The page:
After finishing Atonement a couple weeks ago I had trouble picking my next book to read, so I ended up trying out a “book jar” idea that I had seen on a couple of other blogs. It is a great idea for helping make your next reading selection a little more random, if you have a ton on your TBR like I do!
The book I picked from the jar to read last week was Pushups in the Prayer Room by Norm Schriever, a memoir of Schriever’s year spent traveling the world in 1999–2000. His destinations included countries in Central and South America, Thailand, China, Australia and New Zealand, and the Middle East. Schriever’s adventures proved to be more than just a year of exotic party-hopping, though—he professes to be personally touched by the people he met in each place, and to have unknowingly embarked on a spiritual journey within as well.
For the most part, I really enjoyed Schriever’s account of his grand adventure. He gave up everything he had in his comfortable, familiar, predictable life in the United States to see the world. Pretty amazing and courageous! I have to admit I’m not sure I could do the same. Schriever does an excellent job conveying the sights, sounds (and smells) of the nations he visited. However… this is definitely not a book aimed at female readers. I think some could find several of Schriever’s descriptions of the women he met (and his random thoughts and wisecracks about women in general) to be sexist and offensive. I personally thought it was just kind of normal youthful insensitivity—I wasn’t shocked and horrified a guy in his early twenties who admits the primary reason for his trip was to get drunk, high, laid, and party would regard women how he did at the time. I don’t exactly want to call it sexist because he didn’t seem to think these women were inferior to him or men… just remarks about physical appearances, sexual behavior, stuff like that. Typical college bro.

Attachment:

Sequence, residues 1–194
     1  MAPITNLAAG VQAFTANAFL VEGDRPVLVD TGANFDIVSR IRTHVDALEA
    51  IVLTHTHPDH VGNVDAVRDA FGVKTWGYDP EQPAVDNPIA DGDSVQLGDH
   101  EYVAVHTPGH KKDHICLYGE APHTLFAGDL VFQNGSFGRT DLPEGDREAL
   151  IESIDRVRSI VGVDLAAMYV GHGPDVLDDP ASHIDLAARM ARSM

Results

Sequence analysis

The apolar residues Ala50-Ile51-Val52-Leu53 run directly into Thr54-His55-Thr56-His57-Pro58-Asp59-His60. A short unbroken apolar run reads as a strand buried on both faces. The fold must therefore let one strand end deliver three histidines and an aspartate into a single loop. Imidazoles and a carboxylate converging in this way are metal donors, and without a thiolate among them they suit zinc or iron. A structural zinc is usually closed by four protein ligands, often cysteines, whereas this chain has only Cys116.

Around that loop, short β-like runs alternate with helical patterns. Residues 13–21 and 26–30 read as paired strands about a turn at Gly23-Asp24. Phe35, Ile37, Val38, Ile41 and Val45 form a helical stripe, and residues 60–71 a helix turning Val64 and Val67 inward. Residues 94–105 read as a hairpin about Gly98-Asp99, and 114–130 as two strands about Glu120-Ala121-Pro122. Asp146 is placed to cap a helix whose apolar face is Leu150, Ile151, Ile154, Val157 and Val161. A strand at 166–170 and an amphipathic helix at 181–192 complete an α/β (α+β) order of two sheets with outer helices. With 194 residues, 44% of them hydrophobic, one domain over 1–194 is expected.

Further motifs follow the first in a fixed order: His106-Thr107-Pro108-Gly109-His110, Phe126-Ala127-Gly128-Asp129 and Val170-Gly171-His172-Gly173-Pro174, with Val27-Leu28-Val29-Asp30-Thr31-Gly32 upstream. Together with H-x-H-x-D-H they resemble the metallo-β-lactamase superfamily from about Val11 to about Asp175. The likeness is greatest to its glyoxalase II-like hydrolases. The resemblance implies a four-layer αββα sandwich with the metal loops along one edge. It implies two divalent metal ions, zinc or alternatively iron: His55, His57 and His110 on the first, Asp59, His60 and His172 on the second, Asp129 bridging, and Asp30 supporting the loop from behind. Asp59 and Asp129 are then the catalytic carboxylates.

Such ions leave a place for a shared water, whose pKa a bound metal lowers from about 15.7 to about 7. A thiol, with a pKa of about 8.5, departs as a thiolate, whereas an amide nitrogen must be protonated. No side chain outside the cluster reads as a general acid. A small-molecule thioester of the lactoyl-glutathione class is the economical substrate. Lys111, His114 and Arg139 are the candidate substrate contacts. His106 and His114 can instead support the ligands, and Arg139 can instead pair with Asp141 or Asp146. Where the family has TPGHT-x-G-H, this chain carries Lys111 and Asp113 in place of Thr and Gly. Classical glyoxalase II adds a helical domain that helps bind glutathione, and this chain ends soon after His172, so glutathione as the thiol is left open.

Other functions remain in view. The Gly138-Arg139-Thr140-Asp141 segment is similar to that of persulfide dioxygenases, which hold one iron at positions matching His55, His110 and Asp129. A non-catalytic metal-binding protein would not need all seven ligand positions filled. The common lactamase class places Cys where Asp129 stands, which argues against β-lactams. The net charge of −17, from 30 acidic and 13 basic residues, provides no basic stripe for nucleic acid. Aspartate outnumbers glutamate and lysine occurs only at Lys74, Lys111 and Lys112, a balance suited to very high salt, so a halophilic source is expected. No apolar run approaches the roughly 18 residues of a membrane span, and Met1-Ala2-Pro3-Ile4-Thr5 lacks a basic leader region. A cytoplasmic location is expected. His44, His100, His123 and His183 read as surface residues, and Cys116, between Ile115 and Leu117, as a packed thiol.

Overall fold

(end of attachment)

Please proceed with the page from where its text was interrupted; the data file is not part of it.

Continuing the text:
That said, I did perceive a strong progression of cultural awakening in Schriever, if not entirely the spiritual one he brought up throughout the book. He expresses great respect for and genuine interest in the people and their cultures, often sharing some details about the history of the country or other factual information, which I loved. His self-depreciating sense of humor and admission of stupid jackassery endeared him more for me. He put himself in a few shockingly dangerous situations!
The chapter about basketball bored me a little, and I would have liked to read and learn more about what volunteering he did while abroad. Highlights for me though were the chapters on South America and the Middle East. I have been to Nicaragua so I’ve had a taste of Central America already, my husband has been to Thailand and China so I’ve heard about his experiences there, and we’ve recently been watching episodes of An Idiot Abroad, so reading Pushups in the Prayer Room brought a lot of these places I’ve just heard or watched about more to life for me. I appreciated Schriever’s no-nonsense style, too, just telling it like it is living and working for people in these parts of the world. It’s a fun, quick read about quite an adventure!
Read from April 8 to 11, 2013.